Eustice unveils details of ‘stepping stone’ subsidy scheme

Ministers have unveiled initial details about government plans of an interim support scheme for English farmers during the early years of transition to a post-Brexit agricultural policy.

Defra secretary George Eustice has confirmed that his department is looking to roll out elements of future agri-environment policy in 2022 and 2023 that will be a “prototype version” of its Environmental Land Management (ELM) scheme, which is due to be introduced in 2024.

Mr Eustice said Defra was examining how it could encourage “increased participation” from farmers in an Entry Level Stewardship-type scheme or Countryside Stewardship as a “stepping stone” to ELM.

See also: Greening measures to be scrapped for 2021, says Defra

The interim scheme has been dubbed the Sustainable Farming Incentive (SFI) and it will be introduced from 2022 to bridge the gap between CAP payments and ELM.

The government has always said it wants to avoid a “cliff-edge scenario” for agriculture and farmers following the UK’s exit from the European Union.

Report out this autumn

Defra will publish full details of the scheme in a document to be published this autumn, before November.

“We have been giving quite a lot of thought to the agricultural transition to ensure that it is what it says – a transition,” Mr Eustice told MPs at an Environment Food and Rural Affairs committee session on Tuesday (22 September).

Rather than a “big-bang revolution and a new IT system” for farmers to get used to, it will be “year-on-year progress to the end state we want to get to”, he added.

Defra has already provided details of key areas of the early years of the transition, Mr Eustice said. These include:

  • Grants to help farmers increase productivity and efficiency.
  • An end to EU rules on so-called “greening”, crop diversification and ecological focus areas.
  • A three-tier ELMs system that will pay farmers “public money for delivering public goods”.
  • Phased removal of direct subsidies over seven years, beginning in 2021.

Robbie Moore, Conservative MP for Keighley and Ilkley, asked Mr Eustice whether Defra recognised the scale of the transition for farmers.

Taking the example of a lowland farmer, who currently receives the Basic Payment and is enrolled in Countryside Stewardship or ELS/HLS, Mr Moore said he understood payments would fall from about £200-£210/ha currently, to £50/ha tops.

Mr Eustice said the government’s manifesto commitment is to pay farmers “the same in cash terms for this parliament” – currently about £3.5bn a year in subsidies.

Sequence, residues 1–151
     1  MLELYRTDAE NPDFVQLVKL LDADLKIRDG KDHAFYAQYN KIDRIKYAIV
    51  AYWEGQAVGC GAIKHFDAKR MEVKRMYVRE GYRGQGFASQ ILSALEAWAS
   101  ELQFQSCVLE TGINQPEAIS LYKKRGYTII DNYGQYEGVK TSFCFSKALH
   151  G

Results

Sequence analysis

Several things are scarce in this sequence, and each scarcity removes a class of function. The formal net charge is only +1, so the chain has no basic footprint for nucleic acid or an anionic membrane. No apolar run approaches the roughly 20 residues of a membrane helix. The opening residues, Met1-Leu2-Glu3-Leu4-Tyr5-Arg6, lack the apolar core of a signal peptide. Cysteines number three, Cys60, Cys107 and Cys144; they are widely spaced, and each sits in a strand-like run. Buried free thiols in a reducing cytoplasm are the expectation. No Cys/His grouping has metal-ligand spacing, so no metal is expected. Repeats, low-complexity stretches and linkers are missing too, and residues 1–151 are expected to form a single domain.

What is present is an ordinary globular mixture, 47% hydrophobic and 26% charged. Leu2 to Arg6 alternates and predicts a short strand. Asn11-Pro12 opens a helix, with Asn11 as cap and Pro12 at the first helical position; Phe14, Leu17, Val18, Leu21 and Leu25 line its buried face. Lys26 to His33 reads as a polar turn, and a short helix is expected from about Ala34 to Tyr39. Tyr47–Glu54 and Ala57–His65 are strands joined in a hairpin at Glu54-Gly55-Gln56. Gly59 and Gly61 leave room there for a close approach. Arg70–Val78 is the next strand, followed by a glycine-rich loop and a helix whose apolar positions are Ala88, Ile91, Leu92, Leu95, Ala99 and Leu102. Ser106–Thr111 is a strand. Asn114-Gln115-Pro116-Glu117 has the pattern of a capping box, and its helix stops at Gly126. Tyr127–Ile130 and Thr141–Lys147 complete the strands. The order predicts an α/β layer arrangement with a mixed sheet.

Green finance models

Longer term, Defra is exploring green finance models and other ways to pay farmers to achieve environmental outcomes, such as through working with water companies or green bonds.

Defra permanent secretary Tamara Finkelstein said her department would adopt a “measured approach” to building the ELMs pilots involving farmers, which had yet to start.

Tamara Finkelstein

© Parliament TV

But Mr Eustice said there had been a “lot of interest” from more than 50 farmers working on the ELMs “tests and trials” projects, especially farmers working together on a landscape scale approach, which has “thrown up some quite interesting ideas”.

Industry reaction

Tom Bradshaw, NFU

“For such a scheme to be successful, it is crucial that it is properly funded and well-resourced by the government. Farmers will not want to see a scheme that has not learnt the lessons from previous issues that have caused significant payment delays.”

Lynette Steel, Tenant Farmers Association

“We were quite shocked to see the announcement and the momentum it seems to have from Defra at what is already a busy time. From our point of view, it would be better to delay the transition rather than introduce yet another scheme for a period of just two years.”

Christopher Price, Rare Breeds Survival Trust

“The farming funding limbo Defra has created is undermining the credibility of its future farming policy. Farmers are being left in the dark about what money is available and unable to plan ahead to invest in environmental improvements on their farms.”

Emma Marsh, RSPB England

“We need to be ambitious and we are concerned… that we may slip back into old ways, where farmers are simply given handouts for doing what they are both legally required to and what is necessary for the operation of a farm business.”

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